Trifluoromethyl sulfur pentafluoride (CF3SF5) is considered to be the most potent greenhouse gas present in the
Earth’s atmosphere. Its global warming potential is estimated to be 18 000 times that of carbon dioxide. CF3SF5 is resistant
to photolysis and to reactions with common atmospheric and industrial ions, however it has been observed to react
with positive ions in the ionosphere and undergo both electron attachment and protonation. Its lifetime in the atmosphere
is estimated to be on the order of 1000 years. Levels prior to the 1960s are estimated to be zero, providing strong evidence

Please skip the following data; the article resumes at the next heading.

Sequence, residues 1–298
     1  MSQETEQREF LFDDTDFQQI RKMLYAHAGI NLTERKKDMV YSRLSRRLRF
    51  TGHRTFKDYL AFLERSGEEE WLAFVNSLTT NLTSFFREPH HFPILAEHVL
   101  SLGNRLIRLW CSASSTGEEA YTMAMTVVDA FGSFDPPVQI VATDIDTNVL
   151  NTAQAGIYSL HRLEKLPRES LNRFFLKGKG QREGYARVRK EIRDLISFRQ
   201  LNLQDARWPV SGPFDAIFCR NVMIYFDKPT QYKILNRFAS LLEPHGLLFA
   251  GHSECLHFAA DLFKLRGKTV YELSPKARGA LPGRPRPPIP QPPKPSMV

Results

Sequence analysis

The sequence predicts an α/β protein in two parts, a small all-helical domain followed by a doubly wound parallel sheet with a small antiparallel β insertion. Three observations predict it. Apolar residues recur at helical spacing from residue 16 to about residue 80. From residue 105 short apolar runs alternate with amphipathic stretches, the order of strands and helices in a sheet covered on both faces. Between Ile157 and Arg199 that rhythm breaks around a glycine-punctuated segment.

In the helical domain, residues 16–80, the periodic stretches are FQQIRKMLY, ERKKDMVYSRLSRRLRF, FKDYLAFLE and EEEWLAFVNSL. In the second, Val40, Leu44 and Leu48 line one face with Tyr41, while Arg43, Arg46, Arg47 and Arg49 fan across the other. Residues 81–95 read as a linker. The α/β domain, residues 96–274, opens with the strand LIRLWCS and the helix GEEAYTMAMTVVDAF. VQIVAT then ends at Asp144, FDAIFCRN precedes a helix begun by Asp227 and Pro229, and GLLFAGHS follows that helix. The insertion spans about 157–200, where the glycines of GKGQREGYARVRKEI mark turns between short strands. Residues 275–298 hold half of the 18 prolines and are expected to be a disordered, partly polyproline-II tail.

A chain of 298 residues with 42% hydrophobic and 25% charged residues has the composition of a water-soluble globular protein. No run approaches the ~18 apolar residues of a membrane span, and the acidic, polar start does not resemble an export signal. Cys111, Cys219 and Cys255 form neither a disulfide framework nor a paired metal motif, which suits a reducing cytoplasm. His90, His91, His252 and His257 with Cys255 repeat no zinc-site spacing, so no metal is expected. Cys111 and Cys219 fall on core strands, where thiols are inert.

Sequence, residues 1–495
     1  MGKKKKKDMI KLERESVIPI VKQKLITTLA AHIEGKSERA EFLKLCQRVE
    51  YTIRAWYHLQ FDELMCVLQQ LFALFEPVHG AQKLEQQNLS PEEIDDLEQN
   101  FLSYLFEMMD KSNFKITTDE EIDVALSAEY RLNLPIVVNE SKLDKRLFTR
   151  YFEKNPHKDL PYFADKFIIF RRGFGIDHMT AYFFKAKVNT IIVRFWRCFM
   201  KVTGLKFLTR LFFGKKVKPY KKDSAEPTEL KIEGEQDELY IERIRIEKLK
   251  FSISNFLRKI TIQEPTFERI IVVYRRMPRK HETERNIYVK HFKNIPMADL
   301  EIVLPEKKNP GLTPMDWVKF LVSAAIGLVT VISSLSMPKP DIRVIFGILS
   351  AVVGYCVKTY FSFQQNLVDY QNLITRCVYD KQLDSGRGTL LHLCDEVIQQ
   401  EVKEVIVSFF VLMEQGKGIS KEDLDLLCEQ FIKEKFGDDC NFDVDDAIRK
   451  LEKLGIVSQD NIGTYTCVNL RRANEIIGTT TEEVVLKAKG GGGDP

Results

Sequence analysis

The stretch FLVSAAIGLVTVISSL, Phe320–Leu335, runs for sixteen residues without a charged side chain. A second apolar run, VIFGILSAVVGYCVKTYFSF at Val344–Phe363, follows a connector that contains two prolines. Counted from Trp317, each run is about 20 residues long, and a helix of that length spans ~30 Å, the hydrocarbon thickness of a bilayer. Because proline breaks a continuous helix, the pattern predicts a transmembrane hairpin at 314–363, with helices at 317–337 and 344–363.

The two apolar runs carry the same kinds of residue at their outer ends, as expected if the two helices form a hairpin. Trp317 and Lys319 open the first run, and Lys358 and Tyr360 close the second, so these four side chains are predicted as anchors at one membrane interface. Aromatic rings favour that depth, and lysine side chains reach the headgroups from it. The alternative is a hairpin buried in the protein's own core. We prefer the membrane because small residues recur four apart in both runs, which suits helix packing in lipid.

that it is solely of anthropogenic origin. At a current atmospheric concentration of approximately 0.12 to 0.16 parts per
trillion, CF3SF5 does not contribute significantly to total radiative forcing, but because of its atmospheric lifetime and stability,
it is still of considerable importance with regards to Earth’s future climate.